Thursday, July 25, 2013

How To Build Bird's Nest Processing Plant To Meet CNCA Requirement and export to China

Here are the tips on how set up bird's nest processing plant in Sarawak and application for CNCA China listing for export. Before you start, it is good if you have a good knowledge on Good Manufacturing Practices (GMP) and Hazard Analysis Critical Control Points (HACCP). My are the step by step procedure and tips for you to consider as follows:-

Locality is very important. Site should be suitable for food processing and requirement from MOH and local council. In Sarawak, agriculture land normally would not get approval from council.  Try to optain site approval from council eg Lesen pelbagai. Premises situated at commercial lot/Industrial lot normally easier to get approval and licence from local council.

Register the business/ trading licence with Inland Revenue and birdnest collecting licence from Forestry Department. You need this document to be attach for your processing licence from Veterinary Division, Department of Agriculture. 

Construct the factory according to Good Manufacturing Practice (GMP). This document can be purchase from SIRIM online.
Apply processing plant licence (Sarawak) from Veterinary Division, Department of Agriculture. Your plant must be endorse by Natural Resource and Environment Board (NREB) Sarawak for your waste management system. Usually the SVA will forward a copy of your application to NREB for endorsement.

Register with Department Of Veterinary Service to get the ID & registration number it application can be done online at

Apply for food safety certification from any certification body such as Moody International, SGS, SIRIM, DVS or MOH.

Finally get your plant accredited under Veterinary Health Mark (VHM) and also MOH. Download the form from google search on Veterinary Health Mark application form. Establishment number is very important. Without this number you can't export your product.

Once your plant is ready, you must apply for CNCA registration which you can also download from internet. The completed application form must be forwarded to DVS Putrajaya for endorsement. CNCA will send their auditor from China to Malaysia to audit your plant. You must be prepare and ready for this important audit because it is very strict and difficult to het approval especially if your plant is ready. Make sure your quality assurance staff is very fluent in mandarin and very vast knowlegde on EBN processing and HACCP system especially on traceability and reduction of nitrite.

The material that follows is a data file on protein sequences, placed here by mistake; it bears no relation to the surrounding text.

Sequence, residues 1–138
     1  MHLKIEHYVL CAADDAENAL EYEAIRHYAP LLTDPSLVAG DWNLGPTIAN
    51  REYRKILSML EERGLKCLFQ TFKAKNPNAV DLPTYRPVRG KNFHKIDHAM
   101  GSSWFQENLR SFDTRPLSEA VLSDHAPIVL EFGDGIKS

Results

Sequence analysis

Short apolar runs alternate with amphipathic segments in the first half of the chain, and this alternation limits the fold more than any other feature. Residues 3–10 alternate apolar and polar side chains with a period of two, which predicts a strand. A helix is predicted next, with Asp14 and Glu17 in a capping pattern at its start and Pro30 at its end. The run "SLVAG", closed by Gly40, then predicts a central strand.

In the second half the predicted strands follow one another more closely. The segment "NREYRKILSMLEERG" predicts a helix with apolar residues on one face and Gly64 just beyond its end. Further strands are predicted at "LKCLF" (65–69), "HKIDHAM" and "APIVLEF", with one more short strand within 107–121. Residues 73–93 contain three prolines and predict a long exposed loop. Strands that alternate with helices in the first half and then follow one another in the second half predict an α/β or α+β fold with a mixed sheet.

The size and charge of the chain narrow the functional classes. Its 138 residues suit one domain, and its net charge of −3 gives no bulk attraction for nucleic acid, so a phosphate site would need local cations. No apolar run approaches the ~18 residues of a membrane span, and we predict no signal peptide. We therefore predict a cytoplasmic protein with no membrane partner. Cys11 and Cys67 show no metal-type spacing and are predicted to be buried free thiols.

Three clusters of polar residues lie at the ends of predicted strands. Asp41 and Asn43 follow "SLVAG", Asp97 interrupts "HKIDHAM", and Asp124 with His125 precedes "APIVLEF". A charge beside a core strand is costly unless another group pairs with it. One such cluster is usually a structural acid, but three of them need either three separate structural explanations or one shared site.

Contact DVS Putrajaya, Seksyen Aneka Haiwan or any Veterinary Office for assistance.

Good luck

Monday, July 15, 2013


Malaysia has been given the green light by China to resume the export of bird's nest to the country, after a two year hiatus.

Prime Minister Datuk Seri Najib Razak who announced this today, attributed the achievement to the hard work, put up by former MCA president, Tan Sri Ong Ka Ting.

The Prime Minister made the announcement in parliament today, after meeting a delegation from Guangxi, led by its Governor Cheng Wu.

Datuk Seri Najib added that the Chinese government, has created a special hub, to process and run lab tests on the bird's nests that are imported from Malaysia.

China banned the imports of bird's nest from Malaysia in July 2011 following the discovery of high level of nitrite in supposedly "clean" Malaysian birds nests. 

The ban has hit the country's swiftlet industry hard, as China was reported to be the biggest importer of Malaysia's bird's nest products, with a trading value of about 1 billion ringgit annually.

- See more at:

Thursday, July 11, 2013